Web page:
Technological progress and strong policy support are fueling the fast growth of renewable energy, which BP (NYSE: BP) said could increase five-fold to account for about 14% of the world’s primary energy consumption mix by 2040.

Renewable energy, which was pegged as the fastest-growing fuel source, could also expand its share of the global power generation mix from 7% today to about a quarter during the same time frame, according to Evolving Transition (ET) scenario of BP’s Energy Outlook 2018. The ET scenario assumes the pace and nature of governmental policies, technologies and societal preferences will be similar in the future to those of the recent past.

“In the ET scenario renewables gain share in the power sector faster than any energy source in history, the closest parallel being the rapid buildup of nuclear power in the ‘70s and ‘80s,” BP group chief economist Spencer Dale said during a recent webcast on the company’s latest outlook. “But despite that, there must be a chance that renewables will continue to surprise on the upside.”

Renewables’ share of global primary energy consumption could skyrocket from 234 million tonnes of oil equivalent (MMtoe) in 2010 to 2,527 MMtoe in 2040. The anticipated growth is substantial, considering the figure was 2 MMtoe in 1970.

However, BP noted the continuing requirement for oil and natural gas in meeting future energy needs. Combined, oil and natural gas are expected to be the world’s top fuels of choice to consume, accounting for more than half of the world’s energy consumption at 4,836 MMtoe and 4,707 MMtoe, respectively. That puts consumption of gas up from 2,874 MMtoe and oil consumption up from 4,021 MMtoe in 2010.

Even coal, which has been the target of worldwide initiatives in areas seeking cleaner fuel sources, could still be consumed in great amounts—about 3,762 MMtoe in 2040, up from 3,636 MMtoe in 2010, according to the outlook. So it may come as no surprise that the outlook also indicates that carbon emissions continue to rise, “signaling the need for a comprehensive set of actions to achieve a decisive break from the past.”

By 2040 non-fossil fuels—which include renewables, nuclear and hydro would make up 26% of the world’s energy mix—the same percentage as natural gas but just below oil at 27% and above coal at 21%.

“We along with almost all other forecasters have been repeatedly surprised by the strength of renewables in recent years consistently increasing our outlook,” Dale said.


The outlook states that solar costs, for example, drop by about 24% with every doubling of cumulative capacity but gradually slows over the outlook.

“Some of that rapid declining cost stems directly from the pace of technological progress some also reflects the interaction with stronger policy support particularly in China and India, which account for more than half of the outlook revision enabling solar energy to move more quickly down the learning curve,” Dale said. “So have we learned our lesson? Renewable energy is certainly projected to grow rapidly.”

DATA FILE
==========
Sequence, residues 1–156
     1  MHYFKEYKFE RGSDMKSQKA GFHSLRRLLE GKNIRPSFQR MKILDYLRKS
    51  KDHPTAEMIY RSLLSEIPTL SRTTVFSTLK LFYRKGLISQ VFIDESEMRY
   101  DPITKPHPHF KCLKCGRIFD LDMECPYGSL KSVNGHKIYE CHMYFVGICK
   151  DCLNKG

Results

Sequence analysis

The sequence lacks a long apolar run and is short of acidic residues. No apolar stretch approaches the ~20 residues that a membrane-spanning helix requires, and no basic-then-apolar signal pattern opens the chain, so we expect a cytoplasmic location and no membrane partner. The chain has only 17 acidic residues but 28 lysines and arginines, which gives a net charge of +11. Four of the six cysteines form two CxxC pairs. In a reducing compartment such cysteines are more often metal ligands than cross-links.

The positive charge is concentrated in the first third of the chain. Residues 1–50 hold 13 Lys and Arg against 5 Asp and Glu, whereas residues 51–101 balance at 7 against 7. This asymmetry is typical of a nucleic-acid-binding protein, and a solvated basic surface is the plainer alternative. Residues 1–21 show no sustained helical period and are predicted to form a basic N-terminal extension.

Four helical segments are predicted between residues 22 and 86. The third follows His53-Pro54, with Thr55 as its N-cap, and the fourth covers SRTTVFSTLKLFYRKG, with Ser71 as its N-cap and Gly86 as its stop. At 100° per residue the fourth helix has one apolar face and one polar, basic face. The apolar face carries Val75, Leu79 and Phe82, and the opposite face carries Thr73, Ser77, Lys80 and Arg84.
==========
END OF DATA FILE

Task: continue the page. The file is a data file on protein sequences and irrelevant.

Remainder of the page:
The expected growth comes even as subsidies are gradually phased out by the mid-2020s as renewable energy becomes more competitive with fossil fuels.

But Dale pointed out that if current policy support continues renewables growth could be higher and “surprise us to the upside.”

“In this alternative ‘renewables push’ scenario, renewables account for more than 90% of the growth in power demand over the outlook, with the share of renewables within power reaching over 40% by 2040, compared with 25% in the ET scenario. The stronger growth in renewables crowds out coal and gas to a broadly equal extent,” the outlook said. “This stronger policy push to renewables reduces the carbon intensity of power relative to the ET scenario, although the reduction in the carbon intensity of power is only around half of that achieved in the ‘even faster transition’ (EFT).”

Dale added that the EFT scenario also encouraged increased coal to gas switching and large-scale deployment of carbon capture and storage in addition to supporting renewables.

Still, “the outlook for renewables is unusually uncertain,” he said pointing to varying outlooks from others in the energy industry.


The uncertainty could be a reflection of different views on the pace of technological improvements and level of government support, BP said in the outlook.

The outlook does not predict the likelihood of what is to happen, the company said. Instead, the outlook explores the “possible implications of different judgments and assumptions.”

For BP, which produces renewable energy (wind and biofuels) in addition to fossil fuels, the outlook helps with long-term planning, according to Bob Dudley, group chief executive.

“We cannot predict where these changes will take us, but we can use this knowledge to get fit and ready to play our role in meeting the energy needs of tomorrow,” Dudley said.

Velda Addison can be reached at